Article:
Princeton University

School of Engineering & Applied Science

Chirped Laser Dispersion Spectroscopy: Fundamentals and Applications

Genevieve Plant
Wednesday, September 28, 2016 - 3:30pm to 5:00pm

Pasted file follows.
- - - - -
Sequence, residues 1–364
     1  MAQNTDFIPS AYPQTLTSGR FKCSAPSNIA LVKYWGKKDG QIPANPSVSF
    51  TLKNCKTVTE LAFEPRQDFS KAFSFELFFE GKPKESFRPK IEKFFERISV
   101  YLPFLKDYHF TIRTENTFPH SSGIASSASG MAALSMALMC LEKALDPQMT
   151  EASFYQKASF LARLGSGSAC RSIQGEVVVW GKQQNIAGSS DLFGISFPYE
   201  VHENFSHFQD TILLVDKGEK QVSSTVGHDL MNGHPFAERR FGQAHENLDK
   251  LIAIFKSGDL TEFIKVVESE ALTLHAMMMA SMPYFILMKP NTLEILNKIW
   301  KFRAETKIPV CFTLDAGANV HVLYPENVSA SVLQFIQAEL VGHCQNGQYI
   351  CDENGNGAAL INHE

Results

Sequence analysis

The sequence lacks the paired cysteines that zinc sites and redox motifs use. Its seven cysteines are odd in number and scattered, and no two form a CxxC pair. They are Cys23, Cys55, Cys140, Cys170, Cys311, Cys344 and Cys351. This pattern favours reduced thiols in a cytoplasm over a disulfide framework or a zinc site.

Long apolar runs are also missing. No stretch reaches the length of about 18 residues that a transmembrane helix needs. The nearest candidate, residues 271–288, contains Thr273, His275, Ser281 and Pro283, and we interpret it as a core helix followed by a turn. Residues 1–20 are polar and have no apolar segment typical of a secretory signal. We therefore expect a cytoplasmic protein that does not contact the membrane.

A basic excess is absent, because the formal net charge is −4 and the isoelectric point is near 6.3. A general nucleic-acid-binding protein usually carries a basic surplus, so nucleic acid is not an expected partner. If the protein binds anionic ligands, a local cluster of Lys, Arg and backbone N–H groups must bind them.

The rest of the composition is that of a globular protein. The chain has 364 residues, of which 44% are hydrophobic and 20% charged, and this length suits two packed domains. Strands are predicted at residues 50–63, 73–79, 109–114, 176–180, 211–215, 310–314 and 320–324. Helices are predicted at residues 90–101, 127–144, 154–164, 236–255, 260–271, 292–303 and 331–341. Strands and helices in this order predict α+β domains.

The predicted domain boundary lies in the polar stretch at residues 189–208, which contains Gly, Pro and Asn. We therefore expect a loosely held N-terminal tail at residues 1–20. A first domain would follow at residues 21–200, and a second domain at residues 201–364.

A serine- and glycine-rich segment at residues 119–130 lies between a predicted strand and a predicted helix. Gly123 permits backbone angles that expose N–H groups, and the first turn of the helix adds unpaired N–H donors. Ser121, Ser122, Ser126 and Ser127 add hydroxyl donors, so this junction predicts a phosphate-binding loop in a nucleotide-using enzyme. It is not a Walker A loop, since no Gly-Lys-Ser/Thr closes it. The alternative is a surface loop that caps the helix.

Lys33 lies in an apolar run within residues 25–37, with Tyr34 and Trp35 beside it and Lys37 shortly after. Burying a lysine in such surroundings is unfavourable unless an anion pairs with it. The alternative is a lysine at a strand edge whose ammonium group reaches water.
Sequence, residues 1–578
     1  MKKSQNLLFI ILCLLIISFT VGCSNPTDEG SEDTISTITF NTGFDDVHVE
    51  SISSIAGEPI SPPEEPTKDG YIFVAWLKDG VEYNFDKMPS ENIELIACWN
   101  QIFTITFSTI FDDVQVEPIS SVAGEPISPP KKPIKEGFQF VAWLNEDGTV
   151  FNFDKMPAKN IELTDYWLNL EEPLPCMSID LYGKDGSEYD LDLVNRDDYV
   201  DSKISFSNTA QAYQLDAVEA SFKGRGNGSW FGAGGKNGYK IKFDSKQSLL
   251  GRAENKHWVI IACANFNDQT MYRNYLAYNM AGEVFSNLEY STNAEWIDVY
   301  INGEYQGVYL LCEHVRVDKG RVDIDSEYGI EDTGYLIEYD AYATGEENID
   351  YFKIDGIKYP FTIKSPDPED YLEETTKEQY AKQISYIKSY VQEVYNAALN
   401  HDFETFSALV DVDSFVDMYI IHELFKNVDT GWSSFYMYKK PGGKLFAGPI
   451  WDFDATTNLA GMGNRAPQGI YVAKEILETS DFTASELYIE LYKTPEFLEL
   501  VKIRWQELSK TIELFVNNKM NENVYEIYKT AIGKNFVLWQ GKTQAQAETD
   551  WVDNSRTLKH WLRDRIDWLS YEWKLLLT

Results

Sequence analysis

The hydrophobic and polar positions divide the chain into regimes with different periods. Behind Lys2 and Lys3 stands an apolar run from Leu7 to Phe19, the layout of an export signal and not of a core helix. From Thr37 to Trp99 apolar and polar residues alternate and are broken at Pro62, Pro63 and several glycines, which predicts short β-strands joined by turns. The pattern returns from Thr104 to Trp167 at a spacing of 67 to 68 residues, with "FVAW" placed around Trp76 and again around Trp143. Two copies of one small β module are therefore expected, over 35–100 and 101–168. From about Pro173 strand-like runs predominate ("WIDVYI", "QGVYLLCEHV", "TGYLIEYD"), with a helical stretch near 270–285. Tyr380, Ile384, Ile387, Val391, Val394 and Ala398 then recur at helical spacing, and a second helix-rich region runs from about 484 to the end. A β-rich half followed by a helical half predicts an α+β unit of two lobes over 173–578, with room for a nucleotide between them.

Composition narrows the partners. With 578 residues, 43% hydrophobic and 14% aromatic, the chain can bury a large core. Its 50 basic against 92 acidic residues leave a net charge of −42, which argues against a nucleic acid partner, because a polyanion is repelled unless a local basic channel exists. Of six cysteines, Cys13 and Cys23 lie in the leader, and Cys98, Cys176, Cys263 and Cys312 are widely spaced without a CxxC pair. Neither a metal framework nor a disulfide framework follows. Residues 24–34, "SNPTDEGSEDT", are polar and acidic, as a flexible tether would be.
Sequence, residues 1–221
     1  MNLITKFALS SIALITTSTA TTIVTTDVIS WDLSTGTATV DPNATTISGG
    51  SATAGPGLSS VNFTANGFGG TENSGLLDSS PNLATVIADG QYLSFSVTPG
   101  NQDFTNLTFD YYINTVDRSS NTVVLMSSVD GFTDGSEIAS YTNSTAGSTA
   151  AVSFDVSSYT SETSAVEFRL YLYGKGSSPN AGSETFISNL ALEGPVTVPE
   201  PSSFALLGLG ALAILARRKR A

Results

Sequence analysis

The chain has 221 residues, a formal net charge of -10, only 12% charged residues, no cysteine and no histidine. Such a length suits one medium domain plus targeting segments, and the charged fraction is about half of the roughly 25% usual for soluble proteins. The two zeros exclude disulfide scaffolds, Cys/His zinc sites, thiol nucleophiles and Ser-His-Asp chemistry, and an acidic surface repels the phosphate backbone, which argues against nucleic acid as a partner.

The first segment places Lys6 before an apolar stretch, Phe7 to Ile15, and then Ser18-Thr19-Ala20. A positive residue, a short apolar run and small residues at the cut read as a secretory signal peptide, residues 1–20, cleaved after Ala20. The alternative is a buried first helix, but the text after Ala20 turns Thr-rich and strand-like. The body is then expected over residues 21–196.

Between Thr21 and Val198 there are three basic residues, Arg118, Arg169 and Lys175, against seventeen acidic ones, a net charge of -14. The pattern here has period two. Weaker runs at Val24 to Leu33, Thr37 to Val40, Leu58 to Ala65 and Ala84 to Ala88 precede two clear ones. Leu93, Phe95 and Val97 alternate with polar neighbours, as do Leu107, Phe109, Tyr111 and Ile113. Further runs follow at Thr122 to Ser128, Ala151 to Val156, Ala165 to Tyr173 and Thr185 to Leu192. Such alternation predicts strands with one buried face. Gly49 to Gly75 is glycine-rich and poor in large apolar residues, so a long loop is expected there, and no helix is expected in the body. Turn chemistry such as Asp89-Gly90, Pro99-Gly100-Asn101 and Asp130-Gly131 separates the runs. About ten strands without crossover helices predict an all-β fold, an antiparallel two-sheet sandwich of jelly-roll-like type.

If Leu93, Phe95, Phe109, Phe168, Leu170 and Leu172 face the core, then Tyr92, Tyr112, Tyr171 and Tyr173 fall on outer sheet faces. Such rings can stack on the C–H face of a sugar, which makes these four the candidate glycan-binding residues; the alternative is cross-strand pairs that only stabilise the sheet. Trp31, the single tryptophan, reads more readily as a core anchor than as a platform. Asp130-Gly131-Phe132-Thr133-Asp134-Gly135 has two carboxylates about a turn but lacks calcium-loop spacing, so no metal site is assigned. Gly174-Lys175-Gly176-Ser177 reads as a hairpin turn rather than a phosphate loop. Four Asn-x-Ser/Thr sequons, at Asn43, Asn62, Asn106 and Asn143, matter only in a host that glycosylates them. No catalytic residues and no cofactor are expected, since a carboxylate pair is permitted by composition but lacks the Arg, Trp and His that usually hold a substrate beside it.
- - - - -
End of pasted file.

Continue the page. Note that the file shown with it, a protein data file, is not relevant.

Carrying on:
The subject of this thesis is the fundamentals, implementation, and applications of Chirped Laser Dispersion Spectroscopy (CLaDS), an alternative dispersion spectroscopy technique that aims to overcome some limitations of absorption-based sensing. Laser based chemical sensors are of importance for a variety of applications in the environmental, industrial, security, and biomedical industries. CLaDS preserves many of the benefits of existing spectroscopic sensing techniques, but it particularly well suited open-path, standoff detection due to its immunity to received intensity and linearity with sample concentration. An introduction to CLaDS, a derivation of the spectroscopic signals, and an analysis of the fundamental noise characteristics are provided, highlighting fundamental similarities and differences to existing sensing technologies. Following this theoretical investigation of ideal CLaDS performance, the technical details, methods of implementation, and component-introduced limitations of real-world CLaDS systems are discussed. Finally, several applications of CLaDS provided. These include atmospheric sensing, distributed sensor networks, and fiber dispersion characterization, all of which aim at demonstrating the technical advantages of the CLaDS technique.